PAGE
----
Dyspeptic syndrome and infection by Helicobacter pylori exhibit histopathologic correlation when observed in adolescents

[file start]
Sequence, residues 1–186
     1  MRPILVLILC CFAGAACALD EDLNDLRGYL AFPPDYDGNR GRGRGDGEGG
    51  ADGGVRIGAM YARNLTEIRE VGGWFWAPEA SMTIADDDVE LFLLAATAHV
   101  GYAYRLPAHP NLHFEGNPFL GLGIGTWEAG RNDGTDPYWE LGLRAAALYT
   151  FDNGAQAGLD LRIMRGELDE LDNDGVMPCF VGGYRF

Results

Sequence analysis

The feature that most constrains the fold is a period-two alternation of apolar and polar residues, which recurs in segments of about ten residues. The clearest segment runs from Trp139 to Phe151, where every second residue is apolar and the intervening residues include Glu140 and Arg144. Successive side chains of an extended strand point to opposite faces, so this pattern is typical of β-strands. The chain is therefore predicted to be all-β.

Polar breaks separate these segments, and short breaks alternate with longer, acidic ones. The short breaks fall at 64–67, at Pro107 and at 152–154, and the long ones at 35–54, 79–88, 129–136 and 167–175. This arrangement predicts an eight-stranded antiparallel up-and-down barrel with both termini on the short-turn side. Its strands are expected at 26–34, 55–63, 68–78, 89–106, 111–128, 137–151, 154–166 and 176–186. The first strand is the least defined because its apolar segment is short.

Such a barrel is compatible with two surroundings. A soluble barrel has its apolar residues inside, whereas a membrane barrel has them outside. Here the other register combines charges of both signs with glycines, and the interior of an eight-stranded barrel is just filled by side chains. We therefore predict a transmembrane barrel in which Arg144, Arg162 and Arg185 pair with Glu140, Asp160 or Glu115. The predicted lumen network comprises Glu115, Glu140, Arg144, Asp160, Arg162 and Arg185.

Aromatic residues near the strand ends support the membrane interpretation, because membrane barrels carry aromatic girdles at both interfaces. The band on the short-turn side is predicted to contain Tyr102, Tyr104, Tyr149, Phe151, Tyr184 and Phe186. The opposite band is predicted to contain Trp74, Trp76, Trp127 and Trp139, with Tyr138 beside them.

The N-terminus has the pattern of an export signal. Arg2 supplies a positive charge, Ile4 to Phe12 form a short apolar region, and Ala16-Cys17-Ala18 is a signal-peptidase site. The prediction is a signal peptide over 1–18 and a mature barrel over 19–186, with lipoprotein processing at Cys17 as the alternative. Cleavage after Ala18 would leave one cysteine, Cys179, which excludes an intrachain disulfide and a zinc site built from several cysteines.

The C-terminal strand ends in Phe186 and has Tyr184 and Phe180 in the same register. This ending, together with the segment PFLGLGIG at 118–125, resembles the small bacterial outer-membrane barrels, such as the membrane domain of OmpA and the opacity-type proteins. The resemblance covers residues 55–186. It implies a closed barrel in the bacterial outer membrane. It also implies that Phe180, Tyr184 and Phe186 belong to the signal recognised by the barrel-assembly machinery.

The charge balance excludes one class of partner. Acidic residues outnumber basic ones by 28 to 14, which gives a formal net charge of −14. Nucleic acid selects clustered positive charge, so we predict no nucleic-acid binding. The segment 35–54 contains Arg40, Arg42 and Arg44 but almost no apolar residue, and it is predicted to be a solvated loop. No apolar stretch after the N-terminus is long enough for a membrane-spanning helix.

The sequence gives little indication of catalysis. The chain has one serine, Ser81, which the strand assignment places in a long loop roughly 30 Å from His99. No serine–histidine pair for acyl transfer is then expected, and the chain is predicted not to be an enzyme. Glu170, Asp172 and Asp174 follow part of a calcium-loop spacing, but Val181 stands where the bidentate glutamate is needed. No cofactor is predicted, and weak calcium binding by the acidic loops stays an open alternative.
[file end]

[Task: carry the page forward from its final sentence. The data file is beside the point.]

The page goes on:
Objective: Chronic gastritis is a histological entity and is primarily associated with Helicobacter pylori infection. The main reason for controversy is the lack of correlation between dyspeptic symptoms and histopathologic changes. The purpose of this study was to compare histological findings with dyspeptic symptoms in adolescents. Methods: Adolescents aged 10 to 19 years old with dyspeptic symptoms were referred to upper endoscopy. A protocol was systematically submitted to all patients prior to endoscopy. Histopathologic examination was performed on biopsy specimens. H. pylori infection was detected by rapid urease test and histology. Results: A total of 162 consecutive outpatients with dyspeptic complaints and indication for endoscopy were entered in the database of this study. The mean age of the sample was 16 years old; There were 120 females (74%) and 42 males (26%). Helicobacter pylori were present in 123 patients (75.9%) with a Pearson’s coefficient of 0.7 (infection versus symptoms). The frequency of gastritis in the antrum and incisura angularis was significantly higher in subjects who had epigastric pain (p=0,004). Superficial gastritis was 2 times more frequent among subjects who had epigastric pain than those who do not presented (p=0,012). Severe gastritis was significantly more frequent among those who had epigastric pain (p=0,016). There was no correlation between gastritis and other dyspeptic symptoms. Conclusion: This study shows that there is a correlation between epigastric pain and superficial gastritis of greater intensity and infection by H. pylori. There is no correlation between epigastric pain and intestinal metaplasia in adolescents. Gastritis of the antrum and incisura angularis showed a correlation to regurgitation. Gastritis was not associated to other dyspeptic symptoms.
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